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Time to go back to sleep and try this day again tomorrow.  I just learned my fellow poisoned me with decaf this morning and all this past week. This was after attempting to move the car for alternate side parking only to discover we have no power steering at the moment. We tried to maneuver the car to the other side of the street and parallel park it. That didn’t happen. Then I was poisoned. Did I mention he tried to decaffeinate me? By accident, he says. I shall avenge myself anyway.

After revisiting Ghosts Among Us by James Van Praagh. I am too old to care what other people think, especially about my reading choices dammit. Still best to click away. Something very interesting is happening over there. I’m gonna write some stuff for my eyes only and post it on the internet if you don’t mind.

At some point, past-me put this book on hold at the library and then forgot why so present-me could mistake it for a collection of ghost stories. It is kind of that, only I assumed it was a work of fiction or something along the lines of Weird NJ.

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If you’re going to read this book, I recommend an open mind. Skeptics will not enjoy themselves here. I flip back and forth. Scientists are convincing, but I prefer to believe there’s more to us than just this. Even still, it takes effort to refrain from Oh, boy eye rolls when people insist they’re sensitives or mediums – with the exception of Amy Allan on Dead Files. Her I believe because she reminds me of my sister. That’s reason enough.

Van Praagh is a mental medium. Want to know what that’s like? He tells you, sharing his own story as well as anecdotes of the dead passing on messages to their loved ones. He lays things out in a matter-of-fact, take-it-or-leave-it way. Better still, he goes there, right to the spot hard skeptics love to poke and poke at. Not proof, the other place. In Spook: Science Tackles the Afterlife author Mary Roach writes that the difficulty of believing in spirits is that they never seem to acknowledge the most obvious questions: Does death hurt? Where do we go? What’s it like?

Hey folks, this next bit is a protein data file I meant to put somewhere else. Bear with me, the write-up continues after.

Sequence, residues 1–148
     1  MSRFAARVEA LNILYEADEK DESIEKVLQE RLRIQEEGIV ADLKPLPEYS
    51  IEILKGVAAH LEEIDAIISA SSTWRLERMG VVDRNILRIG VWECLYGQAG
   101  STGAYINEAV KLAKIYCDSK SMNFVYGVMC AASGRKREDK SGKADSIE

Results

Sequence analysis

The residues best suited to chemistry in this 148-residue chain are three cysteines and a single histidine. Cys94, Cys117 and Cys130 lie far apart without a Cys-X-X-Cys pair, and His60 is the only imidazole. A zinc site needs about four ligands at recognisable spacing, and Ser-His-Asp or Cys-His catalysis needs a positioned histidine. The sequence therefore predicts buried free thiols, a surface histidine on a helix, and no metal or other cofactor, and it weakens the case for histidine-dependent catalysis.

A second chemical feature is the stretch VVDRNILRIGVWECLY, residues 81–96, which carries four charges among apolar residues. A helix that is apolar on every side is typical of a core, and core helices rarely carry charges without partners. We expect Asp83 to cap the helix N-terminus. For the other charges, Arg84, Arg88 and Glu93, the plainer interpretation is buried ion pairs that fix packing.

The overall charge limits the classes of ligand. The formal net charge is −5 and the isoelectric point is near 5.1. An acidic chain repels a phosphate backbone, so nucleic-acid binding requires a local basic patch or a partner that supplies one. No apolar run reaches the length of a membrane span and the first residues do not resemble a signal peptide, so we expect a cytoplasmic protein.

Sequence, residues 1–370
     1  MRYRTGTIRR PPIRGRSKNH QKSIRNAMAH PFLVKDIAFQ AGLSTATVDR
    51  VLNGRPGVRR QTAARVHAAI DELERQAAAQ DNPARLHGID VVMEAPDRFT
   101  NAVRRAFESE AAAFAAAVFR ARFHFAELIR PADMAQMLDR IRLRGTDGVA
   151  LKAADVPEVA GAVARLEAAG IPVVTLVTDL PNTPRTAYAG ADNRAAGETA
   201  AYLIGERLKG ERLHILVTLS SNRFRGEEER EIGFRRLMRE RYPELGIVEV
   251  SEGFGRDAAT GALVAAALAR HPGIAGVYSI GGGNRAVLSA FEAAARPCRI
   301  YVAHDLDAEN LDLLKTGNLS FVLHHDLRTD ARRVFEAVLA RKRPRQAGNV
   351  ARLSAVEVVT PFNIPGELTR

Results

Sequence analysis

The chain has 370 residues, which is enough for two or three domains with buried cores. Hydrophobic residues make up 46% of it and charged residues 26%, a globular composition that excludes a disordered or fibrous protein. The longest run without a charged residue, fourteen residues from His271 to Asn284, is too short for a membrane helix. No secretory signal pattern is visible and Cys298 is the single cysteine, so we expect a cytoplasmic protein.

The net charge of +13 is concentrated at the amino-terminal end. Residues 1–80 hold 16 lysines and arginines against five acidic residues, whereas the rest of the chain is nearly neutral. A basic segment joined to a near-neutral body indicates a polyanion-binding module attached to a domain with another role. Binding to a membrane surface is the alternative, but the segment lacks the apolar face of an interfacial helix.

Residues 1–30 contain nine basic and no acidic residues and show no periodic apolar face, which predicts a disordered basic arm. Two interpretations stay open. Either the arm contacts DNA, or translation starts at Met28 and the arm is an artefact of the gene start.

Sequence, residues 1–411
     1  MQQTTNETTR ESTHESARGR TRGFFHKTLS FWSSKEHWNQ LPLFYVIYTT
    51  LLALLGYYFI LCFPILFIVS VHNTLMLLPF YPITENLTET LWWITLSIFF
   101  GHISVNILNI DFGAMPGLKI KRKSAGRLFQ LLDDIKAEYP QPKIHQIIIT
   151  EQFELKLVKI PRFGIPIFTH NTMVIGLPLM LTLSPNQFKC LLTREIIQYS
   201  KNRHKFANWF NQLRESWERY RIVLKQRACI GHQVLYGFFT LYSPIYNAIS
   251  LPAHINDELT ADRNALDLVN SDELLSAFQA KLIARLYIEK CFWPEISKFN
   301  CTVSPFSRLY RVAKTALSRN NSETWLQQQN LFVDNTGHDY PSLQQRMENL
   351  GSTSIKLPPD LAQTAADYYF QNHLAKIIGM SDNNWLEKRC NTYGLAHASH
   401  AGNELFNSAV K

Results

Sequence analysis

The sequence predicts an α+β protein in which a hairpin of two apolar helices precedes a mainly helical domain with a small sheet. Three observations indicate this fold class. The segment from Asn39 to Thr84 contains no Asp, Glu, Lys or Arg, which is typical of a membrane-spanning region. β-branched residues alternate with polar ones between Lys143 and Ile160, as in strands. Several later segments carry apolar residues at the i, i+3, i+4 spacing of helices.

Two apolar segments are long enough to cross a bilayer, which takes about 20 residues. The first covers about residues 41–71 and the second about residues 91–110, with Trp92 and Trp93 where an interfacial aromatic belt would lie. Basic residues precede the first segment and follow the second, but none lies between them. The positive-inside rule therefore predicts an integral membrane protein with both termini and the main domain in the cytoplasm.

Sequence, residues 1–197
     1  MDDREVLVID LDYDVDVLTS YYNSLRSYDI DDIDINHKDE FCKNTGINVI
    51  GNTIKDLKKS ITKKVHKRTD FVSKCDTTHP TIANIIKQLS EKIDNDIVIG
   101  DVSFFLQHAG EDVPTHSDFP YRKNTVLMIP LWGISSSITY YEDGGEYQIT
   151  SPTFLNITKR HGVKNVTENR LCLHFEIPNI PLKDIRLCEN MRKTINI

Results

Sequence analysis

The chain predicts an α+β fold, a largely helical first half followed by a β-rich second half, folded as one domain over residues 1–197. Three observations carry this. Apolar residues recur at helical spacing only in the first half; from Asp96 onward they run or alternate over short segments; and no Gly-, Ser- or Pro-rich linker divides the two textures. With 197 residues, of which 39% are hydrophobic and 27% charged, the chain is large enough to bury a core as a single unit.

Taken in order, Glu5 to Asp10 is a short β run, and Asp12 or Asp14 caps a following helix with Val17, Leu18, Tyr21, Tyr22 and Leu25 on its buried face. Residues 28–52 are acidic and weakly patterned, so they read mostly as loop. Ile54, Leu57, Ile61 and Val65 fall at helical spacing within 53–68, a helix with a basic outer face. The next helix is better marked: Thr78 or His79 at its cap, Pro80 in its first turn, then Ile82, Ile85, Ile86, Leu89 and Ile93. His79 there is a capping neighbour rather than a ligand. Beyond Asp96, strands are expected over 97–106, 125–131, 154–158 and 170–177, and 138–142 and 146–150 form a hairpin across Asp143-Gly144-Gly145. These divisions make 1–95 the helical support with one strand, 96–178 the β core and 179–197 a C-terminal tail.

The meat of this book addresses these questions and expands them to why we’re here in the first place. I had to power down my skepticism in a few parts because I like the overall intention behind what he has to say. He urges us to learn our lessons, take risks and don’t waste potential. Sometimes it comes across as motivational speakery, but these aren’t bad messages to hear.

Who wants to entertain the possibility that our souls live on, death is painless and deceased loved ones visit us? That we’re our higher selves when we laugh and love? That putting out thoughts of love and light is healing? Who doesn’t? This is a quick, compelling read, though not so quick for me. I kept looking up to share the details with Raj because many of the ideas were new to me, or intriguing takes on familiar concepts, looking at you, hell. Sharing details led to pointing out passages, which led to him holding on and finishing the whole book before me.

According to Van Praagh, there are no coincidences, but there are often signs. One of my favorite sections dealt with energy and the power of our thoughts. He also provides some meditations. I read this section right after listening to the StarTalk episode with Sam Harris, The Illusion of Free Will, where they also discuss the practice of meditation. Coincidence? The universe wants me to hush up and calm down. Maybe the universe decafed me. I will begin thinking positive thoughts and learning my lessons after payback, Universe. Or Raj accidentally buying decaf and destroying me with it was my payback for making him watch Crazy Rich Asians. (Why do people love that movie?)

I must admit once I realized what this book was about I stayed aboard for the after party. Tell me what happens when we die. This book gave me a glimpse of what I want think about death, afterlife and how I want to spend my time here. There are sections on angels, earthbound ghosts, demons, hell and this lovely place called Summerland where apparently there’s a house being built for me. I hope they know I prefer winter and make appropriate adjustments. Just kidding. Straight to hell for me. Kidding. Not. Yes. Not. Yes. Carry on.

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